While historical parallels between World War I and today are hard to draw, there are some very striking and worrying dynamics. In discussing the conduct of Germany in the lead-up to 1914, Kautsky states that tsarist Russia instigated a series of peace conferences in 1899 and 1907 in Den Haag that intended to set a general arming limit for European states. Needless to say, nothing came of these attempts to set limits to the arms race and, once the war began, the goal was “not to bring the enemy to concessions, but to make him forever harmless”.10 Engels warned shortly before his death of the destructive danger of a new war in Europe, while pointing to the possibility of the revolutionary mass party of the SPD taking power in such an event. In the context of today, what effective independent activity towards the end of supplanting our own undemocratic and militarist regimes looks like is quite difficult for many to imagine, not least because we do not have mass parties nor an international.

Despite diminishing national cultural differences, our unique linguistic, institutional and political differences remain extant. Unless one lives inside the borders of the European Union or is a citizen of one of its member-states, one is restricted from electing public representatives. Similar laws apply in the Russian Federation and the People’s Republic of China. Naturally, this is not an argument for not criticising regimes other than our own or struggling to develop international relationships (a necessity): it is simply a statement of fact that, in view of the real state of the world today, without mass parties and an international, whatever criticism we levy is relatively politically impotent to agitate for change in regimes, nations and tongues other than our own.

While the old saying that the ‘first casualty of war is the truth’ is often repeated these days, it does not suffice to even scratch the surface of the mountain of propaganda that we are subjected to with regards to the war in Ukraine. To thoroughly expose all the unproven allegations, empty assertions and hypocrisy of the long-running US campaign to essentially influence the world public of the need for regime change in Russia is a Sisyphean, but arguably necessary, task. Despite the outrage such a statement will perhaps provoke in some readers who empathise with the disastrous plight of the Ukrainian people, we must acknowledge that the strategic separation of Ukraine from Russia has been an “undergirding” American foreign policy goal and has been publicly declared as such over decades by the foremost foreign policy experts and institutions, as has been cited in my February 25 2022 article for Cosmonaut.11

The logic of the aggressive arguments of the United States and its allies that Russia is committing genocide in Ukraine, that Putin and his cronies must face a war crimes tribunal, and that the Russian people must be subject to crippling sanctions until they overthrow the government is one which is not conducive to concluding this growing conflict with a negotiated peace. Further, the sanctions, regime-change approach has in fact not worked anywhere and achieves the opposite intended effect: namely in the besieged populations rallying behind their leaders.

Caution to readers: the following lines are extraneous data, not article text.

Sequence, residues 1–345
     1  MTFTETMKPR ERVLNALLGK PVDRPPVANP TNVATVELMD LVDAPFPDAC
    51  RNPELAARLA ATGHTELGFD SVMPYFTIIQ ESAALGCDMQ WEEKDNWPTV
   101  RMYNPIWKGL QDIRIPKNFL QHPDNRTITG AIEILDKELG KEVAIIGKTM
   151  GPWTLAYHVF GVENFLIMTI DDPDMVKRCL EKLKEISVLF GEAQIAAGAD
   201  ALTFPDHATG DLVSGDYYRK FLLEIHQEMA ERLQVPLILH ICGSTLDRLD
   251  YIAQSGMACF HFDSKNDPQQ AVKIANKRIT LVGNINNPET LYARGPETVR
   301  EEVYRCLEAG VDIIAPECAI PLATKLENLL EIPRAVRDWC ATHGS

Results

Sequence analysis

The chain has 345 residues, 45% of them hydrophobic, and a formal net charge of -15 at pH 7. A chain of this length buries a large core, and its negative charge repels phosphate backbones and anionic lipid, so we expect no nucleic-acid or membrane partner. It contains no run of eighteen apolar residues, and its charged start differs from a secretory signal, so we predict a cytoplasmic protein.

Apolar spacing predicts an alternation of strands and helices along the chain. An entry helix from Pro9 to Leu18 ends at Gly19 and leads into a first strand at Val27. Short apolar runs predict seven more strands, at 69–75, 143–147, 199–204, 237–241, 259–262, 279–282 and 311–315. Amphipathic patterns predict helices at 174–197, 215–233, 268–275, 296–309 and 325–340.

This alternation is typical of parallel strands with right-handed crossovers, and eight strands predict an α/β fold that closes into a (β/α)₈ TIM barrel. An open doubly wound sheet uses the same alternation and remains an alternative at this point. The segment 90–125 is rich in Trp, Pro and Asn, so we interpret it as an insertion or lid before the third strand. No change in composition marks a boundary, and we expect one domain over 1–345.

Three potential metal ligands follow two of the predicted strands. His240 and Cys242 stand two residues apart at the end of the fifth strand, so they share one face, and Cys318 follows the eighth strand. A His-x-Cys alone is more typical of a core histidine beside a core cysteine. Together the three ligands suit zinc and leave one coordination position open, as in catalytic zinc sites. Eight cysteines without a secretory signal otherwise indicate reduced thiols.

The aforementioned Basel Manifesto of 1912 that Lenin quoted is treated at length by Kautsky who cites its conclusion as follows:

The [International’s] Congress deems the artificially cultivated enmity between Great Britain and the German empire as the largest danger for peace in Europe ... It therefore views the pursuit of an agreement for the cessation of the navy armament and sea booty rights as the best means to overcome this enmity. The Congress demands of the socialists of England and Germany to continue their agitation for such an agreement.12

If we genuinely aim to end the senseless human suffering that only threatens to grow larger with each month, socialists must see it as their prime duty to lead the democratic and political struggle against the fratricidal war aims of their own government. The longer the war rages on and the more weapons are produced to fuel the international standoff amongst the world’s leading powers, the more fraught the conditions for socialists to freely criticise their governments and attempt to develop an independent proletarian politics will become.

If we want to see a socialist world free of senseless, fratricidal war, we must begin by not being afraid of standing united in resisting attempts to paint us as ‘standing with the enemy’. We must not let the right seize initiative from the almost inevitable mass discontent following further economic repercussions from the international sanctions regime, but fight to be the strongest voice in opposition to our own doomed regimes.


  1. scheerpost.com/2022/06/27/cia-european-commandos-operating-on-the-ground-in-ukraine-nyt.↩︎

  2. mwi.usma.edu/time-is-not-on-kyivs-side-training-weapons-and-attrition-in-ukraine.↩︎

  3. www.atlanticcouncil.org/blogs/ukrainealert/more-than-three-quarters-of-russians-still-support-putins-ukraine-war.↩︎

  4. meduza.io/en/feature/2022/06/10/defending-the-donbas-is-one-thing-bombing-kyiv-is-another.↩︎

  5. www.washingtonpost.com/world/2022/04/25/russia-weakened-lloyd-austin-ukraine-visit.↩︎

  6. www.understandingwar.org/backgrounder/ukraine-conflict-updates.↩︎

  7. www.marxists.org/archive/marx/works/1848/communist-manifesto/ch01.htm.↩︎

  8. www.marxists.org/archive/trotsky/1930/hrr/ch15.htm.↩︎

  9. weeklyworker.co.uk/worker/1385/neither-1914-nor-1940.↩︎

  10. K Kautsky Sozialisten und Krieg Berlin 1937, pp400-01.↩︎

  11. cosmonautmag.com/2022/02/the-russian-threat-to-freedom-and-democracy.↩︎

  12. K Kautsky Sozialisten und Krieg Berlin 1937, p364.↩︎